Last month saw the release of a major milestone report from the Intergovernmental Panel on Climate Change (IPCC). This was the culmination of several years of work from thousands of scientists, and reflects the consensus view of these scientists, plus all of the governments of the world.
A major headline from the report was that human activities have unequivocally caused global surface temperatures to rise. The use of the term "unequivocally" is hugely meaningful here. Scientists are typically cautious, so to eliminate all doubt that humans are causing global warming highlights starkly just how overwhelming the evidence is in this case.
Temperatures are currently increasing faster than any other 50-year period in the past 2000 years. The impacts are easy to see, from impacts on extreme weather events such as Cyclone Gabrielle, to the rapidly shrinking snow cover in our mountains. It is literally a "bread and butter issue", as the report shows increasing food and water security problems as the planet warms.
To make these sorts of rapid collective reductions, diverse knowledge sets are needed. Indigenous, local, and Western scientific knowledges are needed to work together on transition pathways. There is much mahi to be done, and the consequences of missing this opportunity for those born today are massive: a person born in 2020 is likely to experience more than 3degC warming in their lifetime unless low emissions pathways are pursued immediately.
Despite the challenges that face us, the report still gives us reason for optimism. Every 10th of a degree warming that we can avoid is important. Even though they fall a long way short of what is needed, current global emission reduction policies are making a difference in terms of slowing the rate of warming. Some countries have also managed to record sustained drops in emissions. The report makes clear that we already have all of the technology and expertise we need to rise to the challenge.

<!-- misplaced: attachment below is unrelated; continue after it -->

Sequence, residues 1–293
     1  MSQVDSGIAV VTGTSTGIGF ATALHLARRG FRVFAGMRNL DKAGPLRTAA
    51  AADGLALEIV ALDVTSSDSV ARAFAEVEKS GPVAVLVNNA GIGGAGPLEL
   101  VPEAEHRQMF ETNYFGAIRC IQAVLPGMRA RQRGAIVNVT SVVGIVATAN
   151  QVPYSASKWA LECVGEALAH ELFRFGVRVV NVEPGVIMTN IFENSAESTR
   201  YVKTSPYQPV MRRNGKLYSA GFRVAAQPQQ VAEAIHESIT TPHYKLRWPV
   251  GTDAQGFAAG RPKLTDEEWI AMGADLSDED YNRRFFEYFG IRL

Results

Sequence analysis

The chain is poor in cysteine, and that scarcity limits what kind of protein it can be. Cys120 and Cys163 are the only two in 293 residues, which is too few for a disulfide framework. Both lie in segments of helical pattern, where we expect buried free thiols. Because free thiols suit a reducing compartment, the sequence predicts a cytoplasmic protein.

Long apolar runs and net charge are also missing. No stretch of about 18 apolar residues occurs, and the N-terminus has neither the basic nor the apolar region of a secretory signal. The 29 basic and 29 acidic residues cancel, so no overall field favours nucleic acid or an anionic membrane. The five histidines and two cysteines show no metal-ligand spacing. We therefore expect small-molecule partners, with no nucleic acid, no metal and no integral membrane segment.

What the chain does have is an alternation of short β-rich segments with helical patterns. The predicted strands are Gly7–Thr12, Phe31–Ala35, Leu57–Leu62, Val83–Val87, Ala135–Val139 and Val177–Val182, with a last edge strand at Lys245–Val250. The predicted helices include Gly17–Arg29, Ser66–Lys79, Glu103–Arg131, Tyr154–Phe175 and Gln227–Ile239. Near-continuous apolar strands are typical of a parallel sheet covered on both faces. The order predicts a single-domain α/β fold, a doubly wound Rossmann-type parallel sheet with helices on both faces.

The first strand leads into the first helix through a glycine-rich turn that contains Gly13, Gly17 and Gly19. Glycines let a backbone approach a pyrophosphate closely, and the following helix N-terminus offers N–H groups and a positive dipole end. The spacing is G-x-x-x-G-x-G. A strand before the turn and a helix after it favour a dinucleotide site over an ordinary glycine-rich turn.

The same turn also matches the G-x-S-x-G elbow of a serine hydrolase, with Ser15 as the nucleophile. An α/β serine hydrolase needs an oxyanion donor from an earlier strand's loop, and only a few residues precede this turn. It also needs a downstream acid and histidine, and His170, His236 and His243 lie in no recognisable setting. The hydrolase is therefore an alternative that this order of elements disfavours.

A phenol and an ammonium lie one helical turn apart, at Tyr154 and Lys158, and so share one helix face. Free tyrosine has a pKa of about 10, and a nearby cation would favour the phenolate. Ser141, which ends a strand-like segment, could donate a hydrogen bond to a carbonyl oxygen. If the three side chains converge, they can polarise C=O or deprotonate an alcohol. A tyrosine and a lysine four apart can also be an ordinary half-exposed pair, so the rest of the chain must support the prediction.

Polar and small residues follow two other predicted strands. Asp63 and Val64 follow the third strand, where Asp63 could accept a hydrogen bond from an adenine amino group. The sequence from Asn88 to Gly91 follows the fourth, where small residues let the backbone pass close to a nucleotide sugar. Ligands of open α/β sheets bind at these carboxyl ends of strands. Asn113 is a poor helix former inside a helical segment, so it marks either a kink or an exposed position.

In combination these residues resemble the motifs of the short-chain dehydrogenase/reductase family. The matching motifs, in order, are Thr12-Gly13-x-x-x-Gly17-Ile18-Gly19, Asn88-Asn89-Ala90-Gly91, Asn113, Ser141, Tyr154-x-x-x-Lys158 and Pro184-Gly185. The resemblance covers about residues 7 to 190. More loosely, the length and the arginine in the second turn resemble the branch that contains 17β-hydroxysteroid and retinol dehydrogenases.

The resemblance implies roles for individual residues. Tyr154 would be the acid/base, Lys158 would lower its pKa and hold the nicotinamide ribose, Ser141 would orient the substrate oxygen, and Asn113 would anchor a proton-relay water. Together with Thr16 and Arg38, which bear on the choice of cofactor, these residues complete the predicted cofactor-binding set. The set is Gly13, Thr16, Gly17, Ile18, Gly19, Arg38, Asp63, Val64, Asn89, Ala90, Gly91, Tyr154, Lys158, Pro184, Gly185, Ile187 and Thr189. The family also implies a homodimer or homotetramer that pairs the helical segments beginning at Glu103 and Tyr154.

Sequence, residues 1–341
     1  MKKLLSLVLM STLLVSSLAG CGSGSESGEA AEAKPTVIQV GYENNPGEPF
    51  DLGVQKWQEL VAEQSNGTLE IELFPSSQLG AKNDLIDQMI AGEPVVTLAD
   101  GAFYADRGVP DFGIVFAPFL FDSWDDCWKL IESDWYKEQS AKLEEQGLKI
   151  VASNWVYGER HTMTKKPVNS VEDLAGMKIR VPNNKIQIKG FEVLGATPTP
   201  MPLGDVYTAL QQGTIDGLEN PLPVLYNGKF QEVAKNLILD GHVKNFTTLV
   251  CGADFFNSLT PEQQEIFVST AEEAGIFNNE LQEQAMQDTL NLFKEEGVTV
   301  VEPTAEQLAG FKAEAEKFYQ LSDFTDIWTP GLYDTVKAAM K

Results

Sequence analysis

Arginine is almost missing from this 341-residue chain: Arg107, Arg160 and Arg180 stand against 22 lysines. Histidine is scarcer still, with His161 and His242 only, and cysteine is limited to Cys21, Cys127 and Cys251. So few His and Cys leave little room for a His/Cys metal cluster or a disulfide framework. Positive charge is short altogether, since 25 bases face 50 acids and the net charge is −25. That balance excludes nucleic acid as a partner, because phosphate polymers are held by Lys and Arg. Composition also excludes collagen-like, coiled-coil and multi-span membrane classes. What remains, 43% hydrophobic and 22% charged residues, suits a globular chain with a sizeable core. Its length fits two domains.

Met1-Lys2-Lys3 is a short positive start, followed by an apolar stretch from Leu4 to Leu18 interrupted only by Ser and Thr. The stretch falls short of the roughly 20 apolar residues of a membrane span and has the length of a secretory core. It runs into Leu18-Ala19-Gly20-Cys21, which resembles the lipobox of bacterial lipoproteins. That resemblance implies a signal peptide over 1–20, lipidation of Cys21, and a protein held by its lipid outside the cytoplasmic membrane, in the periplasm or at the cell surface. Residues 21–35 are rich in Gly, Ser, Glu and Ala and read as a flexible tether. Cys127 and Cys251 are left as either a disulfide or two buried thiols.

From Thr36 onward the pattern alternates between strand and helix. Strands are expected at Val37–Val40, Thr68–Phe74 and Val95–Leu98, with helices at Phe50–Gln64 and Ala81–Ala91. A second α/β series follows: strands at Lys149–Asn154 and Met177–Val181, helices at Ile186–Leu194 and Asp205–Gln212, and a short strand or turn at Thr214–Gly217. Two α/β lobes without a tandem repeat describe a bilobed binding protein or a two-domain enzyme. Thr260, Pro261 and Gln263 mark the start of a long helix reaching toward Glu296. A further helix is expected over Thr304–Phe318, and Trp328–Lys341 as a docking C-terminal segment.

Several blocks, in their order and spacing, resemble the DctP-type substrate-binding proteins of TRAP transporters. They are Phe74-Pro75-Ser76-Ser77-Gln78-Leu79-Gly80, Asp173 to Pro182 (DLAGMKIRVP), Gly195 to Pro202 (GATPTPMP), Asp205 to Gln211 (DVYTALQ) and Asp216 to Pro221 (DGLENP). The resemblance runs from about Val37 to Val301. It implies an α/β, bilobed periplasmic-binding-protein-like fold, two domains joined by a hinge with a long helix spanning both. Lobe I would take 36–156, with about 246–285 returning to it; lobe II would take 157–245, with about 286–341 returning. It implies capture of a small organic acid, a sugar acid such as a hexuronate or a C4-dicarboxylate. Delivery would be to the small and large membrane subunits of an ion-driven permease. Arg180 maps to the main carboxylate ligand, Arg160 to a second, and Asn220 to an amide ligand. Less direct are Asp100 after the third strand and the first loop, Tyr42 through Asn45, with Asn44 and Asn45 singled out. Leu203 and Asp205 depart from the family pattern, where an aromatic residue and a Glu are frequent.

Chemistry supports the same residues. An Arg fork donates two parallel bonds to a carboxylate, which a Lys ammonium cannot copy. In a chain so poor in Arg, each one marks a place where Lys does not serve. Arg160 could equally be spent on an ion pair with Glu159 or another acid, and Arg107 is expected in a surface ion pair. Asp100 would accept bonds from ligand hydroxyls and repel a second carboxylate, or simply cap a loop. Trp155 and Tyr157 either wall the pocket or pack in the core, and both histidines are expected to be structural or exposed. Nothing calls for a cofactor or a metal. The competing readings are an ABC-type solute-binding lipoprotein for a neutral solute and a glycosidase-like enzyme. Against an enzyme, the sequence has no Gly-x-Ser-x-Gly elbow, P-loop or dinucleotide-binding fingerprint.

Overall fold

The recent history of Aotearoa New Zealand is not great in terms of climate change response. There have been flashes of policy inspiration and bravery along the way. We were one of the first to implement an emissions trading scheme, for instance. The political will to really follow through with these policies has mostly been lacking though. Looking at the emissions trading scheme again, the cost of carbon has often been too low to encourage meaningful emission reductions. The ongoing He Waka Eke Noa consultation over agricultural emissions has the potential to be genuinely world leading — if we can build on the initial promise of this approach.
Although we are a small country, our per person emissions are some of the highest in the world. The impacts of our emissions will cause greatest hardship to those who are the most economically and socially marginalised — both here and overseas. We have a clear moral obligation to do everything we can — now we need our leaders to find a way to work together to stabilise our climate in an equitable and just way.
Dr Daniel Kingston (School of Geography), Associate Professor Inga Smith (Department of Physics), and Associate Professor Sara Walton (Department of Management) are members of He Kaupapa Hononga: Otago’s Climate Change Research Network at the University of Otago.